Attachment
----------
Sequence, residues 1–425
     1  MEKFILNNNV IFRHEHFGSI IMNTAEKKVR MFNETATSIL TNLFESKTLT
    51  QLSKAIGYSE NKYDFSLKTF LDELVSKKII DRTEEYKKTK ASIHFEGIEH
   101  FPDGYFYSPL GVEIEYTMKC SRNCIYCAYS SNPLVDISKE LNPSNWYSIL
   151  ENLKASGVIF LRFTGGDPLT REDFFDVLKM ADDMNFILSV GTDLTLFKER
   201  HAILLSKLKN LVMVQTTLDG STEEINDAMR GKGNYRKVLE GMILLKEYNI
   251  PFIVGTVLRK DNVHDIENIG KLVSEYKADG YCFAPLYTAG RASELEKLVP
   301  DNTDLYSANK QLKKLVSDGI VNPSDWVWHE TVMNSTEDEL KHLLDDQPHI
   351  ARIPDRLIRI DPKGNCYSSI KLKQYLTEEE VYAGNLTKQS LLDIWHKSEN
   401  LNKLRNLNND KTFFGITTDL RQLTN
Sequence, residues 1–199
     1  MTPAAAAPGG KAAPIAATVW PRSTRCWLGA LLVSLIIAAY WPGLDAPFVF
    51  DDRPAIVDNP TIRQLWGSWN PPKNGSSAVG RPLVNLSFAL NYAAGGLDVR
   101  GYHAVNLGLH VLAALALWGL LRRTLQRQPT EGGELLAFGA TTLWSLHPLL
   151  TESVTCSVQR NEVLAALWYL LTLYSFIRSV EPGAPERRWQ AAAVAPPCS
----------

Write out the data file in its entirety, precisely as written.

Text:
Sequence, residues 1–425
     1  MEKFILNNNV IFRHEHFGSI IMNTAEKKVR MFNETATSIL TNLFESKTLT
    51  QLSKAIGYSE NKYDFSLKTF LDELVSKKII DRTEEYKKTK ASIHFEGIEH
   101  FPDGYFYSPL GVEIEYTMKC SRNCIYCAYS SNPLVDISKE LNPSNWYSIL
   151  ENLKASGVIF LRFTGGDPLT REDFFDVLKM ADDMNFILSV GTDLTLFKER
   201  HAILLSKLKN LVMVQTTLDG STEEINDAMR GKGNYRKVLE GMILLKEYNI
   251  PFIVGTVLRK DNVHDIENIG KLVSEYKADG YCFAPLYTAG RASELEKLVP
   301  DNTDLYSANK QLKKLVSDGI VNPSDWVWHE TVMNSTEDEL KHLLDDQPHI
   351  ARIPDRLIRI DPKGNCYSSI KLKQYLTEEE VYAGNLTKQS LLDIWHKSEN
   401  LNKLRNLNND KTFFGITTDL RQLTN
Sequence, residues 1–199
     1  MTPAAAAPGG KAAPIAATVW PRSTRCWLGA LLVSLIIAAY WPGLDAPFVF
    51  DDRPAIVDNP TIRQLWGSWN PPKNGSSAVG RPLVNLSFAL NYAAGGLDVR
   101  GYHAVNLGLH VLAALALWGL LRRTLQRQPT EGGELLAFGA TTLWSLHPLL
   151  TESVTCSVQR NEVLAALWYL LTLYSFIRSV EPGAPERRWQ AAAVAPPCS